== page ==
Friday, September 30, 2016

I'll give Apex this- they are still around, and still offering these classes. I bet their commercials are better now, though

"Every two seconds somebody bangs up a car.  Keeping them looking new again keeps 185,000 specialists on the job..."

Well, I'd think so.  After all, that's 30 cars being banged up every minute, or 1800 every hour, or 43,200 every day- or almost sixteen MILLION cars banged up every year....if they all needed servicing, that comes out to eighty-five cars per "specialist."  Except, wait- isn't it reasonable to assume that the vast majority of those "bang-ups" are going to be fender-benders, scratches, and dings written off by the owners because, well, deductables?  And even if every single one of those cars were brought in to a "specialist," that comes out to one job every four long does it take to fix a dent or fill a stratch?*

My favorite part of this classic ad comes at 35 seconds in when the host, after giving a quick rundown of the skills his training program teaches, breaks into a chuckle and practically blurts out "now seriously, don't you agree that a monkey could be trained to do any of this work in a long weekend?  How freaking helpless are you?"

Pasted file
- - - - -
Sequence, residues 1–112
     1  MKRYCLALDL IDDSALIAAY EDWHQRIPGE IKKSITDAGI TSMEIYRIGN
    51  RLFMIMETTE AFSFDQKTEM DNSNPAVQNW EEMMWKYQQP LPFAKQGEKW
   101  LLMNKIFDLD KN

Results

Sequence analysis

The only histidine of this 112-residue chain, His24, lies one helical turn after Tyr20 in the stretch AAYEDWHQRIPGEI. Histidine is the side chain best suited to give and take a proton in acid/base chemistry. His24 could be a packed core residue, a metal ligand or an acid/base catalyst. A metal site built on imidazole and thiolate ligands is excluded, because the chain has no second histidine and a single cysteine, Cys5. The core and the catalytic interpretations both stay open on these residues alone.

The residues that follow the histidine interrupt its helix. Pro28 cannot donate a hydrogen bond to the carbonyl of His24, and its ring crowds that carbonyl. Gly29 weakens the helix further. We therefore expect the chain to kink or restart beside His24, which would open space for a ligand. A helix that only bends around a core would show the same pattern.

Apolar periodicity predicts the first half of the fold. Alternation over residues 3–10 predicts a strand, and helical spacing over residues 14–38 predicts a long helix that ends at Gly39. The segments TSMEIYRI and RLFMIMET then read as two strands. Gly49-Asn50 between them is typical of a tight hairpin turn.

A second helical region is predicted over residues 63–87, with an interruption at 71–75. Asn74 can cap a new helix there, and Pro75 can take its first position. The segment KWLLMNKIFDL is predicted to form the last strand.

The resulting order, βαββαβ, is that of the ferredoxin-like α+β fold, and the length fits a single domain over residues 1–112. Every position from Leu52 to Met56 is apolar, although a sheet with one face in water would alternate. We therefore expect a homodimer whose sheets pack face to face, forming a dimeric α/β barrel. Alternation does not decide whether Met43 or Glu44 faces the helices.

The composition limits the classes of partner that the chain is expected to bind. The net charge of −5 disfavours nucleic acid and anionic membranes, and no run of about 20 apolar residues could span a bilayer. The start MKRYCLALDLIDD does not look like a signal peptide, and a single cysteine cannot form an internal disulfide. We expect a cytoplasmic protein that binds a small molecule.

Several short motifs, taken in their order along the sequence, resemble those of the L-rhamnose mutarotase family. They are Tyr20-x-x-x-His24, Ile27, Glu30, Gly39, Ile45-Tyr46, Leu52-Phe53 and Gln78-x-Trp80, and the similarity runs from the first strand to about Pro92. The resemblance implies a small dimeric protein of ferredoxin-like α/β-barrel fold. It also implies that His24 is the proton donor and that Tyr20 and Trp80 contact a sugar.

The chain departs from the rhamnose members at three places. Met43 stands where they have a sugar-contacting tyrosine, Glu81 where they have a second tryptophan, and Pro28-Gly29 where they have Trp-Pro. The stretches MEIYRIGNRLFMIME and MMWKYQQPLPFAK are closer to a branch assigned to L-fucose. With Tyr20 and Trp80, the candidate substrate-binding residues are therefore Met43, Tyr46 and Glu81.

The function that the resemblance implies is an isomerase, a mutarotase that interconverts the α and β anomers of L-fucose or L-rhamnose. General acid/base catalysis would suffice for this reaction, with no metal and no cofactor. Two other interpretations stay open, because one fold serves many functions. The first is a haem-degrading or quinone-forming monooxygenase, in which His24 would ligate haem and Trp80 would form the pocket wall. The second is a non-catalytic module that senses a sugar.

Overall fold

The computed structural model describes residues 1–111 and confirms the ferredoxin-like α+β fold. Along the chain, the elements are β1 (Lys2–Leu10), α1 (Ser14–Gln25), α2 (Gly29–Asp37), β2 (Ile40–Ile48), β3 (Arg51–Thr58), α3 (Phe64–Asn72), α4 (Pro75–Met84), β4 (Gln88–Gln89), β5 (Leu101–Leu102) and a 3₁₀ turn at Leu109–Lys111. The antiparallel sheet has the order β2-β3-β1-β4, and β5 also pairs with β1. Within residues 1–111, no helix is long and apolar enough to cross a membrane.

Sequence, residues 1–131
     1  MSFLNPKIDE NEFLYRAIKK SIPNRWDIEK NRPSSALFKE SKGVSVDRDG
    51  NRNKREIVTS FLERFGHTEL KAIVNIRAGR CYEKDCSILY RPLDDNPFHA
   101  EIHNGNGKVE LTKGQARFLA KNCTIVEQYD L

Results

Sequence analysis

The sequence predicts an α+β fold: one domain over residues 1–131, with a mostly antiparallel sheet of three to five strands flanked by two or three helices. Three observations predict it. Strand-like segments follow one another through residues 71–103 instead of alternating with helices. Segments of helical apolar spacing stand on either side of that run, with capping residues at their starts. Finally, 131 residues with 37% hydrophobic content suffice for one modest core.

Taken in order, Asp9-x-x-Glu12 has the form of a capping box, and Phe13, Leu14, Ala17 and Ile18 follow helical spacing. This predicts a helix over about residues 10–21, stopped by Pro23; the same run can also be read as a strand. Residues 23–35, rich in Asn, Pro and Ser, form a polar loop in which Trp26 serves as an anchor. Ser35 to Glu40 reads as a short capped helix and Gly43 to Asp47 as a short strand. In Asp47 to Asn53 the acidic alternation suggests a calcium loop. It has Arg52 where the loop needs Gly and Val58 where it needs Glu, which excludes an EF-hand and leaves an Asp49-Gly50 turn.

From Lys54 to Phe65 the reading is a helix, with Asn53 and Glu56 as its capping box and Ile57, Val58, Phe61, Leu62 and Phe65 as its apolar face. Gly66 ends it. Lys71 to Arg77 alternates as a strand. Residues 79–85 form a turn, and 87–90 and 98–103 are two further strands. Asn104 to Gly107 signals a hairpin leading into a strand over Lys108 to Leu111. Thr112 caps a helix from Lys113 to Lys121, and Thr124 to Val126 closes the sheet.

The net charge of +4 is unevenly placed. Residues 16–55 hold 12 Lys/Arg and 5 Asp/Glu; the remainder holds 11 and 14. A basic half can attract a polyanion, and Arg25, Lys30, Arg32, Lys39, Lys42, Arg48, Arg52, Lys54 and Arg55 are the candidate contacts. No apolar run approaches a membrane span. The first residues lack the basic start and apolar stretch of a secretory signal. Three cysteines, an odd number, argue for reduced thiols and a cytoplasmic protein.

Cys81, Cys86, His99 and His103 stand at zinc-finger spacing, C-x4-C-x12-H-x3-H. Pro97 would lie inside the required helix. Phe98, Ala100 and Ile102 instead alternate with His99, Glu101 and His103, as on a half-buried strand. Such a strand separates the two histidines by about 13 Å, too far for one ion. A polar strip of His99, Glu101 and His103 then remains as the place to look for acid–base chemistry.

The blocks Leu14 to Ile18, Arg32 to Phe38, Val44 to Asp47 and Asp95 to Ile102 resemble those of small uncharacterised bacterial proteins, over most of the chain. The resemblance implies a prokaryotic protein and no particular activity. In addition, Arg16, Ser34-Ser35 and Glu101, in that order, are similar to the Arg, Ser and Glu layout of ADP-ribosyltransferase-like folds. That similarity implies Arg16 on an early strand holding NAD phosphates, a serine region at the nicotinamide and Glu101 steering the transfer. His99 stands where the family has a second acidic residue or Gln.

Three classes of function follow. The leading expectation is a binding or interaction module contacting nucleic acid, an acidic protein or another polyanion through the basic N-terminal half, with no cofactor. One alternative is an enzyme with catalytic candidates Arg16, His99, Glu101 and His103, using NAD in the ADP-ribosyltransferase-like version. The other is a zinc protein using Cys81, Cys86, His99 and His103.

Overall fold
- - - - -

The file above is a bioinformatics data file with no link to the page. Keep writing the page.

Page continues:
Maybe in the 1970s applying bondo and smoothing out dents and spraying paint- all those things MAACO charges through the nose for- made for a good career?  Considering that my father in law was able to teach me how to do all that stuff for my own car and I managed to actually do it without blinding myself or losing an appendage, I kind of doubt it.  VCR Repair sounds more promising, even if it doesn't come with that awesome Probably Free When You Apply For a Sears Card tool kit...

*oh, who am I kidding?  "Labor: $200 Minimum" pretty much no matter what, right?

1 comment:


    I remember that these Apex ads were on constantly in the 1970s and 1980s, chiefly on the New York city area stations WPIX and WWOR.

    In trying to identify the spokesman, I actually found his obituary. Neil Morgan Elliott was a California resident who worked as an advertising executive. He used to commute to New York to shoot the commercials.